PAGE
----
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If I'm going from 9.8:1 to 11.1 how much HP gains am I looking at?

Also is there a special cam needed for higher compression? Would I be able to run my current cam and set-up on 93 octane?

Pontiac 455 bored .040 over
Edelbrock Performer intake
Comp XE Cam 240/256 507/510 LSA10
2600 stall,
750 holley, vac snd
stock 6x-8 heads, 3 angle valve job (going to 6x-4 which is going to increase the compression)
stock bottom end
373 gears.
 

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From what I have heard, you can assume around 20 hp per point of compression. This is just an estimate, and will vary. As far as you combonation running on pump gas, the only way that you will have any chance is if you are going to be running aluminum heads, and your quench is right (distace from top of piston to deck of head, should be around .045).

Adam
 

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it depends on the rest of the combination....lower RPM engines will have less impact than higher RPM engines as far as total increase in power.
 

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how much hp?

How much gain for each increase in ratio depends on the engine, how its built, head design, etc. There is not hard fast rule on it.
Higher compression shows its greatest effects at higher rpm, where the breathing time is much shorter, and cylinder filling isnt quite so good.

With your engine setup, cam wise, you will probably see some good gains from going to the higher compression. The biggest concern is whether you can run that high on 93 octane, due to other factors like combustion chamber size, etc.
Around these parts, with a steel head engine, about the maximum anyone is running with any big blocks (427 and up) is about 10-10.5:1. Thats with a heavy cam and steel heads.
 

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The lean mean donut machine
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compression increases also help with large cams in the lower RPM ranges. It helps when the overlap is hurting performance... More compression from a diminished charge will feel like the cylinder is filled more completely than at a lower compression level. It will make large cams seem less radical or enable engines to operate more smoothly at lower RPM. It will also help torque and vacuum slightly as well.
 

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I can't remember the exact specs. I have it written down somewhere. The way it works is you get 4% more power each point from 7:1 to 10:1. From there each additional point nets around 2%. I know that is close enough for what you are asking. If you want I can go digging through the archives and get the article, but I am in the ballpark.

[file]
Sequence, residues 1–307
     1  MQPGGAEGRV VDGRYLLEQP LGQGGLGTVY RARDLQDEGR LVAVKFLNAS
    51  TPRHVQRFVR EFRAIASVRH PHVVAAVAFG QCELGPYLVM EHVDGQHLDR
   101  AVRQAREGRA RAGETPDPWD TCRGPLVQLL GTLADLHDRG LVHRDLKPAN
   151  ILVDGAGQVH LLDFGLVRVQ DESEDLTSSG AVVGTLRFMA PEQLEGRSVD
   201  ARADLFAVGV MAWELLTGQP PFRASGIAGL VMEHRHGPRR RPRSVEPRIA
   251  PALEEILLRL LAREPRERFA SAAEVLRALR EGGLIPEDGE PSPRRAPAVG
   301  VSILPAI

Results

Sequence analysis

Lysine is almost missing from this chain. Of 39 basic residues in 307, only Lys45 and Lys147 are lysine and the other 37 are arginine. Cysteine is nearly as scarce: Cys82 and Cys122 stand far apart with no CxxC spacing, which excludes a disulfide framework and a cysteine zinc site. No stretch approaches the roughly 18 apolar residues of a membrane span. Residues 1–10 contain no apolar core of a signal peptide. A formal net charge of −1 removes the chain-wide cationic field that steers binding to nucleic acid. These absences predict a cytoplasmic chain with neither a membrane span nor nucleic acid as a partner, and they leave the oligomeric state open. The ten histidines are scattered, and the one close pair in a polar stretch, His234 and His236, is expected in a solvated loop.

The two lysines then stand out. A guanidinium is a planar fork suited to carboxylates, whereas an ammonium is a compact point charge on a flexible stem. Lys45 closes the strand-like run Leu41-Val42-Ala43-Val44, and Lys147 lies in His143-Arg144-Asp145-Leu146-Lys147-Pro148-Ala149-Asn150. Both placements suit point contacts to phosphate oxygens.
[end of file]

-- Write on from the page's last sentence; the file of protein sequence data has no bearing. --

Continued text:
You can't say how much hp. Every engine will gain more or less. That is why it is more accurate with a % of hp.
 

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Thats gonna be very border line for sure you may have to knock back the timing a bit on pump gas which will take away any gains you made from the increased compression.
 

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Robinson Robin, I think you hit the nail on the head. With iron heads and 11:1 it is not going to run on pump gas (and if it does it won't for long). You honestly need to be in the area of 9.5-10:1 to run iron heads on pump gas (I think that's about the practical max). The slight gain you "might" get from 10:1 to 11:1 will be negated with reduced timing and broken parts.

Royce
 

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Bah humbug!!! lol. ANyway I run about 10.5 or 11:1 on the street. I admit I have had someproblems with spark knock, but I think I've got them taken care of, and we noticed the plugs to look a bit lean, so it needs a bit more fuel anyway. That coupled with a new set of 3.73 gears in leu of the 2.73, and I think I'll be fine. It depends a lot on the car and the conditions. I wouldn't want an 11:1 truck motor that will be towing a boat, but in a car, you're much better off. I run 93 and some marvel mystery oil, but I also admit that I've had to come down to that from mixtures of 110. I also haven't CCed my heads, so... who knows. But I think it can be done...

K
 

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I read somwhere that 1 point increase in comp usually nets an average of 15 hp. I have no proof. But I did read it somewhere in a pile of my old mags.
 

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camaroman7d said:
Robinson Robin, I think you hit the nail on the head. With iron heads and 11:1 it is not going to run on pump gas (and if it does it won't for long). You honestly need to be in the area of 9.5-10:1 to run iron heads on pump gas (I think that's about the practical max). The slight gain you "might" get from 10:1 to 11:1 will be negated with reduced timing and broken parts.

Royce
I have said it a million times now. My 400 is 11:1 with iron heads and 91 octane gas. My timing is set at 18o initial and 16o mechanical.

What you gain from 10: to 11:1 is more vacuum, better throttle response, better gas mileage, and more power.

You have to do your homework before attempting to go over 10.5:1.
 

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lluciano77,
How did you calculate your compression ratio? Were the heads cc'd, pistons cc'd, how far is the piston in the hole, how thick is the head gasket? What is your quench? Without actually measuring, which most people don't do or have the tools to do (home builders). There is no way for you to know your TRUE compression. If you buy a set of heads that are supposed to be lets say 64cc, when you actually measure them they can/will be from 63 - 66cc in some instances. The same goes for pistons.

If you are estimating based on what the advertised compression ratio of the pistons are, then you can easily be 1.5 points off. there are a lot of "11:1" engines running around and in reality they are closer to 9:1.